- Step 1: Plant native vegetation Plant whatever flowers, plants, trees, and shrubs are native to you area (your library or local gardening club can help). Because they have adapted to your area’s climate and soil, they will require less care—meaning fewer pesticides and fertilizers.
- TIP: Save water by including drought-resistant perennials in your landscaping. Bonus: this can cut your water bill by 50%.
- Step 2: Plant trees strategically Plant trees strategically so that they provide shade for your home. They’ll cut down on the need for air-conditioning, plus saving energy and money.
- TIP: Avoid planting trees on the south side of your home. During the winter months you’ll get more sunlight—and lower heating bills.
- Step 3: Make fertilizer Make your own compost by saving your fruit and vegetable peelings, egg shells, and coffee grounds; mixing them with equal parts dried leaves or grass clippings; storing in a closed, ventilated container; adding some soil; and turning on a regular basis.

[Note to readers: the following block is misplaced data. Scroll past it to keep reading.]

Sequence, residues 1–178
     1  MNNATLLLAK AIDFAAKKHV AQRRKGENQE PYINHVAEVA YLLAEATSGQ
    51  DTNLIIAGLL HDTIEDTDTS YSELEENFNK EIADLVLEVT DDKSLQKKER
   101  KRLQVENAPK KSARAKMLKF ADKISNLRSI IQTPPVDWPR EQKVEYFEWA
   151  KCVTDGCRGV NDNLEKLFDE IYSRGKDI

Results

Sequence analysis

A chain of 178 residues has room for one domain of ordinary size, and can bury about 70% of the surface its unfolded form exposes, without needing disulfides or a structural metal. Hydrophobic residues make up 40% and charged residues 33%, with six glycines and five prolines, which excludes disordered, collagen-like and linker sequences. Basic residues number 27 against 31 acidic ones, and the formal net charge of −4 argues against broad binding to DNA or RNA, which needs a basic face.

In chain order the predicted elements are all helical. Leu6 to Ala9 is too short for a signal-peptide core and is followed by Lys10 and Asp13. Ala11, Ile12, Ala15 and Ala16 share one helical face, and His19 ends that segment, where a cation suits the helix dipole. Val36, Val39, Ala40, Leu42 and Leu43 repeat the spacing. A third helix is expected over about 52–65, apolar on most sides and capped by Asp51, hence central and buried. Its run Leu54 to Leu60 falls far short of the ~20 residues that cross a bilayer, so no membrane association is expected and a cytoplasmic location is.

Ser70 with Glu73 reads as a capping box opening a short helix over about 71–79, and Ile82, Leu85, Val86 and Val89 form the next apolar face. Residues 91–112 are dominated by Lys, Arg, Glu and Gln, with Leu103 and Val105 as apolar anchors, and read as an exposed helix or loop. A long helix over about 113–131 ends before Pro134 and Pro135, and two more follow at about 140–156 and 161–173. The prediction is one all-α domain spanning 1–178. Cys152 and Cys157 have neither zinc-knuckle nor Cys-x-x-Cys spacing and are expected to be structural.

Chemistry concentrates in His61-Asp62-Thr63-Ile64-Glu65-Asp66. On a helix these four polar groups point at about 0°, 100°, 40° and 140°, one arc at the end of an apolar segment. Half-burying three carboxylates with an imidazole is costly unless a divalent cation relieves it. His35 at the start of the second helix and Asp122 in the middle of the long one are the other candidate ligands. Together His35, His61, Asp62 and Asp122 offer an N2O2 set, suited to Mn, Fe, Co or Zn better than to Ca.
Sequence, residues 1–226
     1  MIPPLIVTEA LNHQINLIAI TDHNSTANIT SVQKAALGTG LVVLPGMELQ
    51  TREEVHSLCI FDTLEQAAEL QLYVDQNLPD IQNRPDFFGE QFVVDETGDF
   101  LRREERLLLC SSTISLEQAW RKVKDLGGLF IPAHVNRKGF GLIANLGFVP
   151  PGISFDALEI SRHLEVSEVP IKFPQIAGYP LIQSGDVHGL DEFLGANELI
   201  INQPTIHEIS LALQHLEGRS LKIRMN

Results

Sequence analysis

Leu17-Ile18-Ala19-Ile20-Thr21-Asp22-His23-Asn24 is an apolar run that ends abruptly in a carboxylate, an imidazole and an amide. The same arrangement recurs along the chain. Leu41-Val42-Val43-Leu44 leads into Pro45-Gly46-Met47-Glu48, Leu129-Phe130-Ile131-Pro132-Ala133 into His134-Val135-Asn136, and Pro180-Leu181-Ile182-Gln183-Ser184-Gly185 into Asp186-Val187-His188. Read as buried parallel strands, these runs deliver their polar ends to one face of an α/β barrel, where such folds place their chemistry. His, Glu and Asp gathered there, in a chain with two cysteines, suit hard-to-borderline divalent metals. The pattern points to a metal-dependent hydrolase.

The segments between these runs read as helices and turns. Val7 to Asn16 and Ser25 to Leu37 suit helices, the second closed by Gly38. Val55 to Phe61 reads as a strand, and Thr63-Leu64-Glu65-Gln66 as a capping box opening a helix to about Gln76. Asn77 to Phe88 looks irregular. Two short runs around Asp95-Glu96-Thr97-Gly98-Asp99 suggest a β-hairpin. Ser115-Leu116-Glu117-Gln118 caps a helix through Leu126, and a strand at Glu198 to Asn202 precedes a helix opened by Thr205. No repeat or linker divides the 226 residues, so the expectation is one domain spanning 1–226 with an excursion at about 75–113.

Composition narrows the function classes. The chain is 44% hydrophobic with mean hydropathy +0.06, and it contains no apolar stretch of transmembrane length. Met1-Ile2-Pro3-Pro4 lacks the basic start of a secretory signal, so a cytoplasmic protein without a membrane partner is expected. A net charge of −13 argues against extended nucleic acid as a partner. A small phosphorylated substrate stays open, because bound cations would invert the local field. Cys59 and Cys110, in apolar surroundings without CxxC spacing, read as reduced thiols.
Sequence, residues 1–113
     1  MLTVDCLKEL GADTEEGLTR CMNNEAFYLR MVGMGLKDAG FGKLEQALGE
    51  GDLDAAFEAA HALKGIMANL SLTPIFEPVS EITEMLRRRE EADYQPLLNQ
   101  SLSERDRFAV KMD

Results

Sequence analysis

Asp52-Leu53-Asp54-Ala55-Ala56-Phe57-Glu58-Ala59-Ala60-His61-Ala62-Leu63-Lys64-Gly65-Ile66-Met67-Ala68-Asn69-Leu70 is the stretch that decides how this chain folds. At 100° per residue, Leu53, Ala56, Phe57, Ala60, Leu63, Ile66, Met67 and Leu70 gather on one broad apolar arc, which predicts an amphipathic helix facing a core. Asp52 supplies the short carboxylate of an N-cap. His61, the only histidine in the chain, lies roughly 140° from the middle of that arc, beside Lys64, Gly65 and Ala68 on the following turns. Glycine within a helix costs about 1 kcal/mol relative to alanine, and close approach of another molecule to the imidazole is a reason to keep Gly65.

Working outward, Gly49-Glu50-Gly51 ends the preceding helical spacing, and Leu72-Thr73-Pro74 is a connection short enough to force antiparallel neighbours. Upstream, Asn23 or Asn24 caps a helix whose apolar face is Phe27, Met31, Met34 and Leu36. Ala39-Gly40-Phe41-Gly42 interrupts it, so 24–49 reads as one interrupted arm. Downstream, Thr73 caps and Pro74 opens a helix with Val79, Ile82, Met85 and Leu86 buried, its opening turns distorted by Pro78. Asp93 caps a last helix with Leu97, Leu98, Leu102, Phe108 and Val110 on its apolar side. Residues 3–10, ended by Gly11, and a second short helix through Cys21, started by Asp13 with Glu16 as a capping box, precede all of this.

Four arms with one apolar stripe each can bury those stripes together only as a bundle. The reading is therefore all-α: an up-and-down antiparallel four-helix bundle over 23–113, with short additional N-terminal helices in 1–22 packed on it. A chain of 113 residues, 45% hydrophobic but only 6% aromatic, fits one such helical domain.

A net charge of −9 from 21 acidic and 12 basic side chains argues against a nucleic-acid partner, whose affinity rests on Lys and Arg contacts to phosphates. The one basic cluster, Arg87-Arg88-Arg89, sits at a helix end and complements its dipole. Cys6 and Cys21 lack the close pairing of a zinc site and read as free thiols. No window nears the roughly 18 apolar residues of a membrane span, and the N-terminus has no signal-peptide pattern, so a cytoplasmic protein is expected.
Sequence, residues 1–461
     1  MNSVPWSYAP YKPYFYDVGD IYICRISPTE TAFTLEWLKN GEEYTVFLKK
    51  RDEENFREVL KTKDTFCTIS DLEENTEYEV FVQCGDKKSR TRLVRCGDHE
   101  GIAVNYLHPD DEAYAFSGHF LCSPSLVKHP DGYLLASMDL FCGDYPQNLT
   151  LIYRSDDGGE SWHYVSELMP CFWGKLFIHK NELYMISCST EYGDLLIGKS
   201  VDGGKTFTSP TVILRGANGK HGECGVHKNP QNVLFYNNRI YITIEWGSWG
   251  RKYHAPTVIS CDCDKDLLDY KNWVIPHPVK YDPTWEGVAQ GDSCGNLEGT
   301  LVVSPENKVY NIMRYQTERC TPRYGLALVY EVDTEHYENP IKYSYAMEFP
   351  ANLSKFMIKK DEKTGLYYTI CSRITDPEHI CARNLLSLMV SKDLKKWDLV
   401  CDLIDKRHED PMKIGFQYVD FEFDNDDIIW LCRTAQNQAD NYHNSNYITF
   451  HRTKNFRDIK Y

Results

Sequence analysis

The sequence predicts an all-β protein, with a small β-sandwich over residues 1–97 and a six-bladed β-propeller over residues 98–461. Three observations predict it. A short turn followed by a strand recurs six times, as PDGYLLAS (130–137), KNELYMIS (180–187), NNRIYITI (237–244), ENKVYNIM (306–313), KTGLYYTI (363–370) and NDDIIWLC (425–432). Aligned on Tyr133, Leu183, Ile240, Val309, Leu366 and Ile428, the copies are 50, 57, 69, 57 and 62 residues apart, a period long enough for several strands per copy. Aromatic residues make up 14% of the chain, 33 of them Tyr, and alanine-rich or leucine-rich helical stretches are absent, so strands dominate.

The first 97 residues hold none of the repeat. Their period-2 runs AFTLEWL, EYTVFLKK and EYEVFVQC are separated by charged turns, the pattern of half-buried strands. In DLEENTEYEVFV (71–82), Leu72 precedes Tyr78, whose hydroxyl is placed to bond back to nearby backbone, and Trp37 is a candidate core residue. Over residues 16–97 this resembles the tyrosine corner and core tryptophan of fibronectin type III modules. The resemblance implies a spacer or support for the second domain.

- TIP: If you must use commercial fertilizer, look for one that is phosphorus free.
- Step 4: Use your own power Pushing your lawnmower not only helps the environment (gas-powered mowers emit 93 times more air pollution per gallon than a new car!)—it also burns a whopping 480 calories an hour. Dump the leaf-blower and expend another 290 calories an hour raking leaves.
- TIP: Leave the grass cuttings on the lawn to recycle nutrients.
- Step 5: Give up charcoal If you’re still barbecuing with charcoal, you’re not doing your lungs or Mother Earth any good. Natural gas is the least polluting way to fire up the grill.
- Step 6: Enjoy Throw a few shrimp on the barbie and enjoy your lush—and healthy—oasis!
- FACT: Yard work is better than bicycling, aerobics, dancing, and weight training for maintaining healthy bone mass.
You Will Need
- Native plantings
- Drought-resistant flowers
- A compost
- A manual lawn mower
- A gas grill